The fact that the Barton County Commission approved the proclamation marking National Public Health Week a week after the fact was telling District 5 Commissioner Jennifer Schartz said Wednesday morning.
“This kind of points out just how selfless nurses are,” she said. Commissioners did not learn of the National Public Health Week until Health Director Karen Winkelman mentioned it at the last meeting when it was too late to commemorate the occasion.
“The fact that we’re doing this a week late isn’t because we don’t care, because we do,” Schartz said.
“Public health professionals help communities prevent, prepare for, withstand and recover from the impact of a full range of health threats,” said Lindsey Ensley, Health Department public health nurse supervisor, who presented the proclamation. In recognition of Public Health Week, the commission adopted the proclamation commending staff and partners who work to help citizens better understand preventive habits to live longer, healthier lives.
The 2022 theme was Public Health is Where You Are.
“A person’s health status can differ drastically by where they live due to social determinants that negatively impact health such as poverty, transportation barriers, lack of economic opportunity, environmental threats, lack of access to healthy food and health care,” the proclamation reads. US life expectancy dropped from 2014 to 2017 in the longest sustained decline since the Great Recession, and only in 2018 began to increase again.
US life expectancy then dropped again in 2020 by a full year, which is the largest drop in life expectancy since 1943.
“Health officials tackle threats, including disease outbreaks such as the COVID-19 pandemic, reproductive health, substance misuse, natural disasters and disasters caused by human activity,” it continues. “Public health action, together with scientific and technological advances, has played a major role in reducing and, in some cases, eliminating the spread of infectious disease and establishing today’s disease surveillance and control systems.”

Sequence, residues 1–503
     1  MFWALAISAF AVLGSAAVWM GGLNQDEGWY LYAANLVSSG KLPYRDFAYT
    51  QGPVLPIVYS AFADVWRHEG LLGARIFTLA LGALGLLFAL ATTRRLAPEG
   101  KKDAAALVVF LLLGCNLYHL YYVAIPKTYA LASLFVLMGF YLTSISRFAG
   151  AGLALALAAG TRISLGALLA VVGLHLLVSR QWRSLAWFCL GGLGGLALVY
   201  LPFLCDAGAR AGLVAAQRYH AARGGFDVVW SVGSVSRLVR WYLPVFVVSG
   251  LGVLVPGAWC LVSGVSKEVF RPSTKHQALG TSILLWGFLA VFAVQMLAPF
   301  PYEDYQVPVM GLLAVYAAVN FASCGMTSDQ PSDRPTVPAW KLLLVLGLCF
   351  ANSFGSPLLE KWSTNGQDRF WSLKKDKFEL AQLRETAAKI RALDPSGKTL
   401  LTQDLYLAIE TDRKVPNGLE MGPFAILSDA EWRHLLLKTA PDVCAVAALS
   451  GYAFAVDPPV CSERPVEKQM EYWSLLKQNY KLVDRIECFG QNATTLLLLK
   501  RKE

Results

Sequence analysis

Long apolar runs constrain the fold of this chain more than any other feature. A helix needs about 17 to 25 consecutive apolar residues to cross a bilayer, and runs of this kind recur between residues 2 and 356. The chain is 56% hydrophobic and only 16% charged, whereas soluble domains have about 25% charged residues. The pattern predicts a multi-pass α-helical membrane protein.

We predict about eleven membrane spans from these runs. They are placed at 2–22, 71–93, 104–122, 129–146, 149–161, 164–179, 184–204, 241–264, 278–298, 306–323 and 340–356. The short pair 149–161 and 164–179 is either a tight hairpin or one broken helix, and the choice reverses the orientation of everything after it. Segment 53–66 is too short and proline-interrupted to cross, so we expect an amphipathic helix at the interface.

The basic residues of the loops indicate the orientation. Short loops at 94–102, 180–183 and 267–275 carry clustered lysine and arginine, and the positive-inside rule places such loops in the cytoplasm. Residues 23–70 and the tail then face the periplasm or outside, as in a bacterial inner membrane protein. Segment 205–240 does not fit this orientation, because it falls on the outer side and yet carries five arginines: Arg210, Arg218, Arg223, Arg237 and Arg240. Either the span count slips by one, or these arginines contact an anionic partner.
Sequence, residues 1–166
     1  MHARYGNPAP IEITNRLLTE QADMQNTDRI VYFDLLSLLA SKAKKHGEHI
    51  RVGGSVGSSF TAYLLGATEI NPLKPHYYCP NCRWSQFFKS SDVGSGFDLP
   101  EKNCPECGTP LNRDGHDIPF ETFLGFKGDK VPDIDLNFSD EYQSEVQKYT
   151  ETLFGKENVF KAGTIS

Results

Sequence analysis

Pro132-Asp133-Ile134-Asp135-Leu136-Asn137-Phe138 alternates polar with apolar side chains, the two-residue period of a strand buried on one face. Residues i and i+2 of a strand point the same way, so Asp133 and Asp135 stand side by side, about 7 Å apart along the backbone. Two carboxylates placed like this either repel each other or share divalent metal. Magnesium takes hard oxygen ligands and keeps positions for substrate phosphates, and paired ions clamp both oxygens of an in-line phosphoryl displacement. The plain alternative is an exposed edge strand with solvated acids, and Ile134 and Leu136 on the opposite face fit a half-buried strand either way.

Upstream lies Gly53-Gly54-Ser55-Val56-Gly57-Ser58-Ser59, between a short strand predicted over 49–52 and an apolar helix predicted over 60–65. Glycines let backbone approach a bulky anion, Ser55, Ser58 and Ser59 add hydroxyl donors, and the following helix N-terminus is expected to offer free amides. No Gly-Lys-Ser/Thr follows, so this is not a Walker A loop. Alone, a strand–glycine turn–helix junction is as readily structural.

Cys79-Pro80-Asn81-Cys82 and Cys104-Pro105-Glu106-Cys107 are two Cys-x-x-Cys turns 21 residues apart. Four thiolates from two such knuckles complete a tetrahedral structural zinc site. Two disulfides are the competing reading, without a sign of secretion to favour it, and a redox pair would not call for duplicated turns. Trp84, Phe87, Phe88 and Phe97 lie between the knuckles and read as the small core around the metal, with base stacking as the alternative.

Preventable risk factors such as physical inactivity, poor nutrition, tobacco use and excessive alcohol use are the leading causes of chronic disease, she said. Six in 10 US adults have a chronic disease and four in 10 have two or more, leading to seven of every 10 deaths annually being caused by chronic disease.
“The COVID-19 pandemic has illuminated and exacerbated racial inequities, and Barton County and other local, state governments and public health leaders have declared racism a public health crisis,” the proclamation reads.
“Barton County public health personnel practice trauma-informed care,” it reads. “This is an approach to engaging people with histories of trauma that recognizes the presence of trauma symptoms and acknowledges the role that trauma, to include Adverse Childhood Experiences has played in their lives.”
According to the proclamation, the commissioners “commend the Barton County Public Health staff, members of the Health Department Advisory Committee as well as other partners who collaborate with Public Health for their work to help our families, friends, neighbors, and co-workers better understand preventive habits to live longer, healthier lives.
“Further, the commission urges all citizens to be mindful of their own health and to practice a healthy lifestyle.”